Words and pictures: Alastair James
"Keep Trans in the ban", "LGB with the T", and "Trans Power" were among the calls ringing around Whitehall over the weekend, as more than 3,000 people protested against the government's exclusion of trans people in its 'conversion' therapy ban.
The protest outside Downing Street on Sunday (10 April) followed a horrendous double u-turn by the government where, in the space of a few hours, it dropped all plans of a ban before recommitting to one that would exclude trans people.
The fiasco has seen the cancellation of the government's LGBTQ conference after more than a hundred LGBTQ organisations boycotted it as well as condemnation from the government's own MPs. The government has since said it plans to carry out "separate work" on a trans 'conversion' therapy ban.
Presided over by LGBTQ campaigners such as Peter Tatchell and Jayne Ozanne, the protest was a demonstration of the solidarity within the LGBTQ community, as well as its allies.
— Attitude Magazine (@AttitudeMag) April 10, 2022
Reacting to the size of the crowd, author Charlie Craggs, who is trans, said it was "incredible" to see such a turnout.
"Often I feel a bit disillusioned. Often it only feels like trans people are caring about this. So just to see so many people have our backs today means a lot as a trans person."
Charlie Craggs (Photo: Alastair James)
Aitch Wiley (he/they), who identifies as trans and at one point addressed the protest from the mic, echoed that sentiment.
"I think this is the first time where there has been a significant amount of cis-people here. But the one thing I felt the whole way through was trans people need to be the ones speaking about what we need."
They are angry with the way trans people have been spoken down to, they tell Attitude, and for being told what they should ask for and how.
"I'm not going to be nice about it because I'm angry as f***. So, thank you to the cis-people who are finally stepping up. Don't stop now. Carry on with it. And listen to the trans people, don't speak over them," they added.
Peter Tatchell, a familiar face at such protests, assured us that this protest "is the first of many". He told the crowd any ban had to include trans people and on that there could be "no ifs, no buts, no exceptions."
Describing the government's double u-turn as "evidence of the chaos and shambles in Downing Street" he said, "It was really moving to hear the personal testimonies of trans people who have been through 'conversion' therapy and experienced firsthand the damage that it does. That shows why trans people have to be included."
One of those testimonies came from Susie Green, the CEO of the trans charity, Mermaids.
Taking to the mic she, the parent of a trans child, recounted feeling "lost" when her child came out and how she got in touch with the charity for help. There she found a welcoming and loving community.
She also led calls of "shame on them!" in response to the government's exclusion of trans people.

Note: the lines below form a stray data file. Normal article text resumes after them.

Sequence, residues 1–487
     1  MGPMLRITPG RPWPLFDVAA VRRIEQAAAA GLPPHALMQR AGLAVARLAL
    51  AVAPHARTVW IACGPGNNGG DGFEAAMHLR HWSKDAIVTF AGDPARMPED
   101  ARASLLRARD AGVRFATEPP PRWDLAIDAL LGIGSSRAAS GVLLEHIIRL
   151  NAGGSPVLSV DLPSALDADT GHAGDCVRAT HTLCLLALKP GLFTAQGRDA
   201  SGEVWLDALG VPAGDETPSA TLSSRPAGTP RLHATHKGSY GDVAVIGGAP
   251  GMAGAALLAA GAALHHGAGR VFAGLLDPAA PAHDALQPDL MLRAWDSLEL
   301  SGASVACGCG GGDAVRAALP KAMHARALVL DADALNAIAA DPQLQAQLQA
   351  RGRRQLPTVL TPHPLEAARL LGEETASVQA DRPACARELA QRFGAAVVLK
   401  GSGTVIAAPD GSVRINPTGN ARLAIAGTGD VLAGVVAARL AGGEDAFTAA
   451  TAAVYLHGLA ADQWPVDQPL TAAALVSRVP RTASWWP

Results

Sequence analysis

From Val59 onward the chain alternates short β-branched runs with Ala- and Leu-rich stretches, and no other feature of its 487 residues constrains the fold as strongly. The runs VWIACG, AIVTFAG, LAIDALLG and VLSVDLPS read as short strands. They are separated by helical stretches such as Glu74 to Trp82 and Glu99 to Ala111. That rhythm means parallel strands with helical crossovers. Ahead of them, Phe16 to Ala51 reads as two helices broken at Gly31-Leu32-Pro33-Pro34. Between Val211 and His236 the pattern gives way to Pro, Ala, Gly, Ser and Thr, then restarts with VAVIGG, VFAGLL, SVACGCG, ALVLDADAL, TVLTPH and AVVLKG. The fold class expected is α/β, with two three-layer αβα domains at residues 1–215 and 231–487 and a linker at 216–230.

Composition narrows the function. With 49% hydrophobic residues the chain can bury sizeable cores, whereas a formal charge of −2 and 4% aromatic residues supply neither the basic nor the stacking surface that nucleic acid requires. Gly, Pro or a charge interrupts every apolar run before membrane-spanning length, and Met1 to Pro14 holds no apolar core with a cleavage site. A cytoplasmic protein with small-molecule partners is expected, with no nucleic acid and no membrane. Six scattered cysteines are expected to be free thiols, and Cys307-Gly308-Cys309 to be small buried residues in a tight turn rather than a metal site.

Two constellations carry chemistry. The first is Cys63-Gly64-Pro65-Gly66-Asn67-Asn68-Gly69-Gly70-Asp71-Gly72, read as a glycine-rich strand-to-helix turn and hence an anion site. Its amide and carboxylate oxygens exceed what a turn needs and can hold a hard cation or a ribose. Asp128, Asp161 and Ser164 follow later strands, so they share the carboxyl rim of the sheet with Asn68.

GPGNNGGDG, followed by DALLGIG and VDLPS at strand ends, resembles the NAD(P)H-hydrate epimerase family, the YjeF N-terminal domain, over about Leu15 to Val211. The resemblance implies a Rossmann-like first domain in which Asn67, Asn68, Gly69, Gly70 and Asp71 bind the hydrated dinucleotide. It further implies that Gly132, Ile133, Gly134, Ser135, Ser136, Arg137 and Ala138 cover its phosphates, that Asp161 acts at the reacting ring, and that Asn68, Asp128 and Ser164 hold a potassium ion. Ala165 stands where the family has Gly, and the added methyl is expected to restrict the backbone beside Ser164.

One parent of a trans child takes to the mic and condemns the government for excluding trans people from the ‘conversion’ therapy ban.— Attitude Magazine (@AttitudeMag) April 10, 2022
Speaking to Attitude she commented on the turnout that it shows "we have the whole community coming out for the trans community."
Continuing she said, "I think what it shows is that there is power in community. What we're also seeing is the damage done by the actions of the government and I think what today shows is that we're just not going to take it anymore."
Prishita Maheshwari-Aplin (they/them) who is queer non-binary described it as "empowering" to see such support from the community and beyond.
"It's very emotional but I think it's also really, really beautiful and it really represents the joy and power that we see when we come together as a community when we stand in solidarity with one another," they added.
"For everyone to actually show up in person, and stand up there and share their stories is a true form of connection which I think is really important for us as a community."
Prishita Maheshwari-Aplin (Photo: Alastair James)
The sense of solidarity was strong.
"It's felt joyous to be in a space where trans people are celebrated for once because it's not something you see every day. It doesn't exist outside of trans space at the moment," said Sammantha Harris, a trans woman, who started the petition to get trans people included in the government's new ban.
It now has more than 100,000 signatures which will see it debated in Parliament. A government response to meeting the 10,000 threshold for one has not yet been forthcoming.
Sammantha Harris (Photo: Alastair James)
Sammantha also said it's "refreshing" to see people care about trans people and to see the petition signatures continue to rise when there's so much negativity in the media.
Charlie Craggs felt the same.
"I can't believe we're still having this conversation in a country like this in 2022. If you watch what's happening in real-time in Hungary where trans people have been villanized in the press and the government have been coming for their rights. The gays and lesbians never stood up for us and now they're coming for you. The arguments they're using on us they can use on you."
She warned: "If you don't stand up for us, they're coming for you next."
The anger is palpable, the solidarity is strong. The hope is tangible.
The message from everyone to the trans community is the same: You have allies, you are not alone and we will fight. The message for the LGBTQ community and its allies is this: Do more.
You can sign the petition to get trans people included in the ban here.
Attitude's new-look March/April issue is out now.